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Life After Allowance – What’s a Patentee to Do?

Dan Pierron

By: Dan Pierron

Receiving a notice of allowance is the patent equivalence of reaching the promised land.  After years of effort and expense, the Patent Office has deemed your application worthy of becoming a patent, and issued a Notice of Allowance accordingly.  However, this does not necessarily mean the end of the road as far as patent prosecution is concerned for the various aspects of your invention described in your specification, but not necessarily represented in your allowed claims.  If you feel like you might have left something on the table in your allowed claims, or you have made improvements on your invention, there are a number of options available.

There are two types of applications that can be filed at any point during the pendency of an application – continuations and continuations-in-part (CIP).  Each application gives you, the applicant, to try to patent something that is contained, at least partially, in the pending application and not currently claimed in pending application.  In the case of a continuation, no new material is added to the specification, but new claims are submitted.  These new claims are directed to an aspect of the invention that is described in the original application, but is not claimed in the allowed application.  In contrast, in a CIP, new matter can be added to the specification, in addition to new claims.  However, the drawback to a CIP is the effective filing date, or the date which any potential prior art is determined from.  For all material disclosed in the allowed application, and any claim in the CIP relying on that disclosure, the effective filing date is the priority date of the allowed application.  For all new material disclosed in the CIP, the filing date for that disclosure, and any claim relying on it, is the filing date of the CIP.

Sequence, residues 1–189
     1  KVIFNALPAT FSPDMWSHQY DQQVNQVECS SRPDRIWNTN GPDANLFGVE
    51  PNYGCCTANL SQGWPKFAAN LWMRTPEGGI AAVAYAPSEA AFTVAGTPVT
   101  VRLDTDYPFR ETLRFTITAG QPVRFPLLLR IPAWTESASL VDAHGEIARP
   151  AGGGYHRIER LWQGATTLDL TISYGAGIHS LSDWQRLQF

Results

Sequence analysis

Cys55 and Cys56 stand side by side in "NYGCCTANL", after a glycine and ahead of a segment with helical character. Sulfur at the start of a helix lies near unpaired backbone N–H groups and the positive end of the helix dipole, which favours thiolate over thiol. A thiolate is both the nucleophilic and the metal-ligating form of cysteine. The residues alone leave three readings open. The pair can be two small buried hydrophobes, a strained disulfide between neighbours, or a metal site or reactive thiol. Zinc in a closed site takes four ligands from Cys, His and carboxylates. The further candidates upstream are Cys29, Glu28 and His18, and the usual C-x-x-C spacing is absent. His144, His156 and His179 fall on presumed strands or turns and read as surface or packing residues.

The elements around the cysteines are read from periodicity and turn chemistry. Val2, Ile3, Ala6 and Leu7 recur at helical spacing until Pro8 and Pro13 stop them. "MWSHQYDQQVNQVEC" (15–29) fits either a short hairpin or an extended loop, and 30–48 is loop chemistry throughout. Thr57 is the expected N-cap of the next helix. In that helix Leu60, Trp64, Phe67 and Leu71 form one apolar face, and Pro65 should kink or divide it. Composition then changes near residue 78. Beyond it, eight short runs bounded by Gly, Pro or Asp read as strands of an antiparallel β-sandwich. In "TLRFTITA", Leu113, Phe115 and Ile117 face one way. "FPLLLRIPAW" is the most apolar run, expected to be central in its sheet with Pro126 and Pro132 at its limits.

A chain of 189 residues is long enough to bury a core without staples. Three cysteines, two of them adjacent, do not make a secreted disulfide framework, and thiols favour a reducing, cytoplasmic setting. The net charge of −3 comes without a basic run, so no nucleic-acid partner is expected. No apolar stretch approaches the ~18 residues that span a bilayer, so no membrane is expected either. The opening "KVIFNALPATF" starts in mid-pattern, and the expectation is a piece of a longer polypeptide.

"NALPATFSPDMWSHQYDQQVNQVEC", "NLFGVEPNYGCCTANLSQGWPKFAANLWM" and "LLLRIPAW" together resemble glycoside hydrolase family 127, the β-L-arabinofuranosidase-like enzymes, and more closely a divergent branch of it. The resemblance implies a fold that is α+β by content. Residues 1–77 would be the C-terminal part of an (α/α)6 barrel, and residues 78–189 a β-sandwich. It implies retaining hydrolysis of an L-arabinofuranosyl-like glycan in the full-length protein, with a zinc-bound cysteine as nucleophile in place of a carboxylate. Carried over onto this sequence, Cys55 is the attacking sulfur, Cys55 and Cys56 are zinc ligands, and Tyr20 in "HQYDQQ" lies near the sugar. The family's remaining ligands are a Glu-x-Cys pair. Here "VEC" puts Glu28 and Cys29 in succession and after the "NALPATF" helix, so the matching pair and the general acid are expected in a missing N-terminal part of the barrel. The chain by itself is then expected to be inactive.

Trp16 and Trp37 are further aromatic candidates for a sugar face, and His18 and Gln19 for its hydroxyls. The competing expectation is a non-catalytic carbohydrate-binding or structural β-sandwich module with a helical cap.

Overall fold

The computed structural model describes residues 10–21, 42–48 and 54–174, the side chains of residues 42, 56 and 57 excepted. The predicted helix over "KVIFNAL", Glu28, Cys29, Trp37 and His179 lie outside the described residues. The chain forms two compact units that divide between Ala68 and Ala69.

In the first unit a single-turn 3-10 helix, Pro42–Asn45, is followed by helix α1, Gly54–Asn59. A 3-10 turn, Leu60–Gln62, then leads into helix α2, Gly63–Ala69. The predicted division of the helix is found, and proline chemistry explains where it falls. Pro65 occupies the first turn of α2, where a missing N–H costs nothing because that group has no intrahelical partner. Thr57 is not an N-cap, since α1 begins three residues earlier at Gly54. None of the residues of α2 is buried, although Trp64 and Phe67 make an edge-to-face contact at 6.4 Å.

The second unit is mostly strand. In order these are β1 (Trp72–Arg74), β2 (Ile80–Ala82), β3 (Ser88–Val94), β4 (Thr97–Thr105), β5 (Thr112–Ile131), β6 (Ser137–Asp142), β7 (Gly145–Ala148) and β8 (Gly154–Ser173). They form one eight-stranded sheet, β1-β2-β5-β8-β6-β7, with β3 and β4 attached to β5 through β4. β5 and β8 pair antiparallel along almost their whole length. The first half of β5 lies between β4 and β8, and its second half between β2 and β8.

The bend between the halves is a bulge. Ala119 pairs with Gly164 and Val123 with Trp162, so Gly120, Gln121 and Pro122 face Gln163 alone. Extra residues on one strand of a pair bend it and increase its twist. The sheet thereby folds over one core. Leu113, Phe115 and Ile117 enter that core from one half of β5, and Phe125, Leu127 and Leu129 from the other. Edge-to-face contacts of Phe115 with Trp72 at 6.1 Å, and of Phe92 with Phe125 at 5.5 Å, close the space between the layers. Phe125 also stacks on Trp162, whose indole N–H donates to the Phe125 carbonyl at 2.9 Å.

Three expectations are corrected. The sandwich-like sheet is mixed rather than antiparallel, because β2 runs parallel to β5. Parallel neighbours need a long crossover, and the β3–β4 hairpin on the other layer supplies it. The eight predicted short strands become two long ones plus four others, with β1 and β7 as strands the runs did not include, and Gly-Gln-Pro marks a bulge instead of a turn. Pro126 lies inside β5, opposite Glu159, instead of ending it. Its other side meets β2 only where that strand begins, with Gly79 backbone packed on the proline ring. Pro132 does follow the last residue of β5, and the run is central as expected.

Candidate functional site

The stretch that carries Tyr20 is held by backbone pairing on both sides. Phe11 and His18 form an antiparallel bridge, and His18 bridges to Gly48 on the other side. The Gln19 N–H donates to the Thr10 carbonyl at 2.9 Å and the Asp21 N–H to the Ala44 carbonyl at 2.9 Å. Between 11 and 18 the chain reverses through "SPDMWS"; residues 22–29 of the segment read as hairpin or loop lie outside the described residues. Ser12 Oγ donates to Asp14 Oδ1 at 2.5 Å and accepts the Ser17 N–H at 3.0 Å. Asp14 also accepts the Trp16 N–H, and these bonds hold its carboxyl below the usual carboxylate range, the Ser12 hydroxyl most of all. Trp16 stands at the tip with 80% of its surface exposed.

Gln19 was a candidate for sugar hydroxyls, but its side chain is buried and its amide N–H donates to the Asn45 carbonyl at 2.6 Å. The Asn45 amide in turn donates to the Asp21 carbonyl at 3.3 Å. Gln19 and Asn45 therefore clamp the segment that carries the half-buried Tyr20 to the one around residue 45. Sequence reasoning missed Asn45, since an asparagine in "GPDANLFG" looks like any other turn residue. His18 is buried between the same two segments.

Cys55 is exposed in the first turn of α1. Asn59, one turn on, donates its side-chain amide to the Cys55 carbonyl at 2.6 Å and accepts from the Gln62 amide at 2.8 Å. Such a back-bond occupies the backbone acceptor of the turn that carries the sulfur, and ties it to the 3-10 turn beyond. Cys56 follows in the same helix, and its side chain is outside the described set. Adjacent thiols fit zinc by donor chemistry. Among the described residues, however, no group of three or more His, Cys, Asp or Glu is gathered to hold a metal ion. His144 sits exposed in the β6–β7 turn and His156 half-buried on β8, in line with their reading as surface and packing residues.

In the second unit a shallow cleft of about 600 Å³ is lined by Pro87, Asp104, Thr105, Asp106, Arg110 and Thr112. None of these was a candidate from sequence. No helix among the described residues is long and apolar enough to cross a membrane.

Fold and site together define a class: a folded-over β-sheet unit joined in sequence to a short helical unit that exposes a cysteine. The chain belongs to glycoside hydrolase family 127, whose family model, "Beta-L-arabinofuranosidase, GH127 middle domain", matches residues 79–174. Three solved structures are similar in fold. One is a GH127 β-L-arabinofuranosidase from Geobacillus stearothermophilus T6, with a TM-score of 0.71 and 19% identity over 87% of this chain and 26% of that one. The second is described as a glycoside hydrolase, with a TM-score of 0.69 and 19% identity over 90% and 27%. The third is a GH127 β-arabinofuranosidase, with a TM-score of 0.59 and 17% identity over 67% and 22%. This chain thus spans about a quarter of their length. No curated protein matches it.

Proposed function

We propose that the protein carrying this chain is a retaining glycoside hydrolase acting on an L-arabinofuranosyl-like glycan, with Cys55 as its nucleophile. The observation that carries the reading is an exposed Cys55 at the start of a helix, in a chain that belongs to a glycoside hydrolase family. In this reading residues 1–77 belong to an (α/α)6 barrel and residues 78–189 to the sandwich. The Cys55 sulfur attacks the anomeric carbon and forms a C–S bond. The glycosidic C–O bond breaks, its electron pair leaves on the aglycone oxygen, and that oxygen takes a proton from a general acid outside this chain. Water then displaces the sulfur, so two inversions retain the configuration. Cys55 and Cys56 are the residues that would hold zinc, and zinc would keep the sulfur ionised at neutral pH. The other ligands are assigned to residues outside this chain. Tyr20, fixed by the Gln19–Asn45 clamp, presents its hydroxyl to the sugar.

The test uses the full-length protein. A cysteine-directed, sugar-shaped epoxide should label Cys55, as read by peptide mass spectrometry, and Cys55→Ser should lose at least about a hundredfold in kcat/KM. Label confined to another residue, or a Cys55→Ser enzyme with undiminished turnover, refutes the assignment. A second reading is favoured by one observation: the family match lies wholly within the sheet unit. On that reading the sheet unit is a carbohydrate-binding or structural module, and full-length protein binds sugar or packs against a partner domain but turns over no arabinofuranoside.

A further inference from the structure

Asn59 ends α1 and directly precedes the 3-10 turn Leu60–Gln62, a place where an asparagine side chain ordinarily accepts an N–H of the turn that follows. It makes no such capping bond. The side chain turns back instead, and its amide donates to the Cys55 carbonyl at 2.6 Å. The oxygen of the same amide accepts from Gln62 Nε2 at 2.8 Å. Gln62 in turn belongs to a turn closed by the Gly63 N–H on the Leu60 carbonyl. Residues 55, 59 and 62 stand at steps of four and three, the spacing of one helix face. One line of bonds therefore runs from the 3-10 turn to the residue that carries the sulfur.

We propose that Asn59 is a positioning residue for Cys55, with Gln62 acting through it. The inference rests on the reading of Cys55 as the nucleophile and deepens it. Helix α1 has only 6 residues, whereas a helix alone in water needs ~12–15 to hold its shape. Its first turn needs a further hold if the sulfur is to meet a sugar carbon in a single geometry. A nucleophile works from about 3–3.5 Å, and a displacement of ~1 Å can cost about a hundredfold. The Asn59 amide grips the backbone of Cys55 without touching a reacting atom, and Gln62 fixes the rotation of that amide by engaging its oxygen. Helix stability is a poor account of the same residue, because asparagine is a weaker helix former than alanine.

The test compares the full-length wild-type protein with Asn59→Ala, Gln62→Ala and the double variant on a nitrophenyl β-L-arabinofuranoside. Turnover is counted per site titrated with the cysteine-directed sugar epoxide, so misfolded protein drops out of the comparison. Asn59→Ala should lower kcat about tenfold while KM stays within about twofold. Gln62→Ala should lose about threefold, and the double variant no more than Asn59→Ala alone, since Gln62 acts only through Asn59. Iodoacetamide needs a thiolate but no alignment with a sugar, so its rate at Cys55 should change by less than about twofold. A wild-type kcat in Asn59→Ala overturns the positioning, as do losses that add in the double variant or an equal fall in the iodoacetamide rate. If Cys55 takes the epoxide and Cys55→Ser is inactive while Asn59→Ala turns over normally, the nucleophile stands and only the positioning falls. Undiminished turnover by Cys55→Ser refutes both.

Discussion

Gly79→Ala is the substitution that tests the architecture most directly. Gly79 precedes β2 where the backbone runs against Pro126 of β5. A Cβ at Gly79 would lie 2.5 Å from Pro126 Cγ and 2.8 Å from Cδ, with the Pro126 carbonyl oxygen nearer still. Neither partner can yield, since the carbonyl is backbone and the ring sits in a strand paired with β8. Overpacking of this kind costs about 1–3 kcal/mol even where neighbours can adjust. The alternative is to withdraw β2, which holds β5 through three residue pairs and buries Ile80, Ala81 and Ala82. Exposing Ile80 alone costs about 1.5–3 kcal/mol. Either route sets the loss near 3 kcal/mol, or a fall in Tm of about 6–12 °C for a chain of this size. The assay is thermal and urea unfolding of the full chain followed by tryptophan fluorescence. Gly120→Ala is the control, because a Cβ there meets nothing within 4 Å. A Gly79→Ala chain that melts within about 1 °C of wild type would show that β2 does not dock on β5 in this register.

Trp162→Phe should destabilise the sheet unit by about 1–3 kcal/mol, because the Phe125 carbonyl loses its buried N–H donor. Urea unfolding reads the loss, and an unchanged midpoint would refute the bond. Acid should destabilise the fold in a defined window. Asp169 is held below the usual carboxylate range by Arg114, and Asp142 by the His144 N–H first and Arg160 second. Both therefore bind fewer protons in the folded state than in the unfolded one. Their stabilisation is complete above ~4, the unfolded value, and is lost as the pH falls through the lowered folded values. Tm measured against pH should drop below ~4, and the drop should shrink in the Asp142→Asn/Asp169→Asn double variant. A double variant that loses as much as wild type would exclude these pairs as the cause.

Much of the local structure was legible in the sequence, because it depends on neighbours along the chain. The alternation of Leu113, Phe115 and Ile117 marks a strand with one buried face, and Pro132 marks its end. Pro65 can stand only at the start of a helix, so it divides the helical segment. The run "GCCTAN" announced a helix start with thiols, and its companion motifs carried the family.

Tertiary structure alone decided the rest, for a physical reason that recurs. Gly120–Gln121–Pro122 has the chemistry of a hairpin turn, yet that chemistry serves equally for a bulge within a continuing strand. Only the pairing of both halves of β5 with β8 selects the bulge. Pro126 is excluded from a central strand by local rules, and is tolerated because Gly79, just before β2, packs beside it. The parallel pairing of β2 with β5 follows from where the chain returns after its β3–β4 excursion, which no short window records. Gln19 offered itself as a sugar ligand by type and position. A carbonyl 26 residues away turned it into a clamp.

Not That Kind of Allowance

However, for any continuation or CIP application you might file, it is important to file the application BEFORE THE ALLOWED PATENT ISSUES.  Once the allowed patent issues, it is no longer considered a “pending application,” the statutory requirement, and no continuation or CIP application may be filed; the ship has sailed.  In order to avoid such an unpleasant turn of events, itbehooves you to file early if there is any patent subject matter.  While it is true that you can file one of the applications after paying the issue fee, that is a less-than-optimal strategy, as having more time is almost always better than having to draft an application against a hard deadline.

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